Tottenham Hotspur To Benefit From Shambolic England World Cup Exit

Chris PotterCorrespondent IJuly 2, 2010

PORT ELIZABETH, SOUTH AFRICA - JUNE 23:  Jermain Defoe of England celebrates scoring the opening goal   during the 2010 FIFA World Cup South Africa Group C match between Slovenia and England at the Nelson Mandela Bay Stadium on June 23, 2010 in Port Elizabeth, South Africa.  (Photo by Laurence Griffiths/Getty Images)
Laurence Griffiths/Getty Images

Following Holland's shocking 2-1 quarterfinal comeback victory against World Cup favourites Brazil this afternoon, Tottenham's participation has ended in this year's tournament.

The London club started the tournament with 10 representatives among five national squads. Half of these players travelled with high hopes on the England squad.

But, despite striker Jermain Defoe (pictured above) squeezing the Three Lions through to the round of 16 with a close-range strike against Slovenia, an abject 4-1 defeat to Germany meant an early flight back to London for Defoe and his Spurs teammates Peter Crouch, Michael Dawson, Ledley King, and Aaron Lennon.

While it is unlikely that skipper King will be present in Brazil in 2014, the other four players will now have an opportunity to stake their claim for a place in the side. And they'll be buoyed by news that Fabio Capello is looking to inject "new energy" into an ageing and under-performing squad.

For other than Lennon and Defoe, with two starts each, none was able to prove his worth in South Africa. Dawson was called up in place of captain Rio Ferdinand, but did not see any action. Crouch, despite his impressive record of one goal every two games for his country, played fewer than 20 minutes.

It is likely that this limited action for the White Hart Lane players was due more to Capello's reluctance to blood untried players in pressurized situations, rather than due to the players' inability to impress the Italian in either of the pre-tournament friendlies, or in their training session at the Royal Bafokeng sports complex in Rustenberg.

Wilson Palacios failed to impose himself on midfield opponents for Honduras, as his side crashed out in the group stages. And Cameroon duo Benoit Assou-Ekotto and Sebastien Bassong did not cover themselves in glory for Paul Le Guen's Indomitable Lions, as Cameroon lost all three of their Group E matches.

Heurelho Gomes, despite impressing in goal for Brazil in the lead up to the tournament, was duly replaced by number one Julio Cesar.

Outcast Mexican winger Giovani Dos Santos was the one player who showed his quality on the world's biggest football stage.

The left-footer did not trouble the scorers during his four appearances but he, alongside Manchester United-bound Javier Hernandez, was one of Mexico's two outstanding players.

Dos Santos has failed to settle in England following his 2008 move from Barcelona, but the 21 year-old showed BBC pundit Harry Redknapp that he would be foolish to discard such a precocious talent too readily.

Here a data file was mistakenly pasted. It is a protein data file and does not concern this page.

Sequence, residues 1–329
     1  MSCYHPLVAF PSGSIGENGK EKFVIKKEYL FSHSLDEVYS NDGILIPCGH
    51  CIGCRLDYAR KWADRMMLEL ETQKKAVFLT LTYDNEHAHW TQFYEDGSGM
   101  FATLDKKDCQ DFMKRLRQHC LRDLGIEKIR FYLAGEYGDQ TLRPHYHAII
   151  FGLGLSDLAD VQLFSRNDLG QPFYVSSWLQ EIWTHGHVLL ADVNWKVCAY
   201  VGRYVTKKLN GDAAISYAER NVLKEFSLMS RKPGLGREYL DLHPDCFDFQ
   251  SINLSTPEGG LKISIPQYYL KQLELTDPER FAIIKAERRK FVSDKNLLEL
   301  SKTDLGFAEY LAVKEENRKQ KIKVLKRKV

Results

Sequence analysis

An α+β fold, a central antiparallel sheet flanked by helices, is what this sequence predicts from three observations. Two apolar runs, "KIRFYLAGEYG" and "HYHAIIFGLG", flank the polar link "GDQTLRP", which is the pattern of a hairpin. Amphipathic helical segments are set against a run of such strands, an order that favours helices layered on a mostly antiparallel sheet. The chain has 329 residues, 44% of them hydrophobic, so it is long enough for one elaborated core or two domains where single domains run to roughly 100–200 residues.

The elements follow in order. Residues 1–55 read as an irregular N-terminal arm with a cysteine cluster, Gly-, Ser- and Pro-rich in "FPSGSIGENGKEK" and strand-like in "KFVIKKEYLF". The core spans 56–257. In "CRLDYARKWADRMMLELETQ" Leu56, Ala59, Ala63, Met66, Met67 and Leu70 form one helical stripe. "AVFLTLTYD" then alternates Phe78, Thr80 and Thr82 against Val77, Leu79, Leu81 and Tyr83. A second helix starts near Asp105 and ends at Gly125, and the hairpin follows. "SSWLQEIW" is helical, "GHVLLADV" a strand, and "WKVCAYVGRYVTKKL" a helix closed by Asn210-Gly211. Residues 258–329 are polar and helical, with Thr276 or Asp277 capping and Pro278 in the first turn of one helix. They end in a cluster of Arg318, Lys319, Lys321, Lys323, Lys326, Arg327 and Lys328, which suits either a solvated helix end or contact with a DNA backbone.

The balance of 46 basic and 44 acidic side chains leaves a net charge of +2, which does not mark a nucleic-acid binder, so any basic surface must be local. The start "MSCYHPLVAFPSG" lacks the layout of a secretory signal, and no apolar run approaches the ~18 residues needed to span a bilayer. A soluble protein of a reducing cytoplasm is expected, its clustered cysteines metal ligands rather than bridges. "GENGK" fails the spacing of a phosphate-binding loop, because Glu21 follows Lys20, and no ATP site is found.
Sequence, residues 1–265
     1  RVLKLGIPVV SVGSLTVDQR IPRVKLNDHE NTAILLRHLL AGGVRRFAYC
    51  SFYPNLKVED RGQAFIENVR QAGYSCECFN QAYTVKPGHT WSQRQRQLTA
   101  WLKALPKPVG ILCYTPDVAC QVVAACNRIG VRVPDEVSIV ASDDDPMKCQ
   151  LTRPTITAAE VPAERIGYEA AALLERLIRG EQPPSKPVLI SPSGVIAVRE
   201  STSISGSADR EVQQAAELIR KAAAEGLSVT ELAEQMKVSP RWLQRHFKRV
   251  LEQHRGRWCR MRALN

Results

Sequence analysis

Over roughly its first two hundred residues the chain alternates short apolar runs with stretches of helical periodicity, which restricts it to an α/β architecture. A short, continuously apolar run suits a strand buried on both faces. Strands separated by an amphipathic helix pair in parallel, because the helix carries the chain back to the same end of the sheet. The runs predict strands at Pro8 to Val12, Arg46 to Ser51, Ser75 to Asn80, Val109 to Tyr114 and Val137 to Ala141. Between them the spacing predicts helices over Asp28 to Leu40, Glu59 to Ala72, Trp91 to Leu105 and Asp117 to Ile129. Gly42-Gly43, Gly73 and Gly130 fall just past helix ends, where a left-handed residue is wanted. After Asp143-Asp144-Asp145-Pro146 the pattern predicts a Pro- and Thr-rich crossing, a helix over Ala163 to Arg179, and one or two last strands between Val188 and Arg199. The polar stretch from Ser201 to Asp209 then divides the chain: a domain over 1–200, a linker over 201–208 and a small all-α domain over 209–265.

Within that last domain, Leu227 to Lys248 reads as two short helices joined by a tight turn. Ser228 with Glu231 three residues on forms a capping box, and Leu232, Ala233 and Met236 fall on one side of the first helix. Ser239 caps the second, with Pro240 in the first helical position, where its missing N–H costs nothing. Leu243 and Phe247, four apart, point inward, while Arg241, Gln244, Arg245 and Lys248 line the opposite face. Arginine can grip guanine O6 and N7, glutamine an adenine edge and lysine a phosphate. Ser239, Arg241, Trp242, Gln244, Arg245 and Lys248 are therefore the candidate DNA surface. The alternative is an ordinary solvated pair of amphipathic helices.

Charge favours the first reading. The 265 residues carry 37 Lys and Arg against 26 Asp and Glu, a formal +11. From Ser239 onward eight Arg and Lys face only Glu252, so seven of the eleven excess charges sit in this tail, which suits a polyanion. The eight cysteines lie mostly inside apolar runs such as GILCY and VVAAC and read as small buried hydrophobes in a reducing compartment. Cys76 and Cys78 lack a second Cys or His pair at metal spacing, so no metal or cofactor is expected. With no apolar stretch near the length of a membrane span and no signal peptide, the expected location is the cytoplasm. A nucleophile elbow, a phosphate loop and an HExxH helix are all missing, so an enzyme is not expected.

So what does this all mean for Tottenham?

While England's abysmal performances will likely have a psychological impact on the Tottenham quintet, each footballer will now have more than a month to put the nightmare behind them and concentrate on their club's exciting 2010-11 Premier League campaign. 

They will also feel that they may be absolved of much of the blame, which instead will be proportioned more to veteran leaders Gerrard, Lampard, and Terry and striker Wayne Rooney, all of whom had the perfect international stage on which to prove that they could replicate their stunning club form.

Assou-Ekotto, Bassong, and Palacios will know that, while their league performances helped their club finish in a record-high fourth place last season, they will need to find another level of quality in order to stave off competition from teammates.

Palacios, in particular, cannot rest on his laurels, with Brazilian international midfield Sandro Ranieri joining the squad, from Internacional, in August.

For Gomes and Dos Santos, however, the two-week experience will have been memorable and vital for their confidence and self-esteem.

Gomes should be assured the goalkeeper's jersey on his return to England later this month, while Dos Santos will know that either manager Redknapp will finally let him loose to terrify Premier League defenders or, if not, there will be a host of English, European, and Latin American clubs fighting to secure his signature for next term.

The club should also benefit from the tournament insofar as the players who have completed a full English season have not completed many games in June, and have not had the chance to impress bigger clubs who may otherwise have been interested in snatching them away from Tottenham in big-money deals.

It is also good news for Spurs that Croatia was so poor in its Euro qualifying group. Although midfield star Luka Modric has recently signed a five-year contract, he and the likes of fellow compatriots and Spurs teammates Vedran Corluka and Niko Kranjcar would surely have displayed their composure and skill during a tournament in which so many others seemed to forget how to pass a football.

Lastly, the FA's announcement that it has put its faith in Capello's ability to engineer England success will reassure fans and chairman Daniel Levy that Harry Redknapp will not be summoned to end 44 years of hurt.

So onwards and upwards for the club's talented mix of young England aspirers and seasoned international players. A new season awaits.

I, for one, can't wait to see a team play again with the freedom and intuition which England sorely lacked this summer.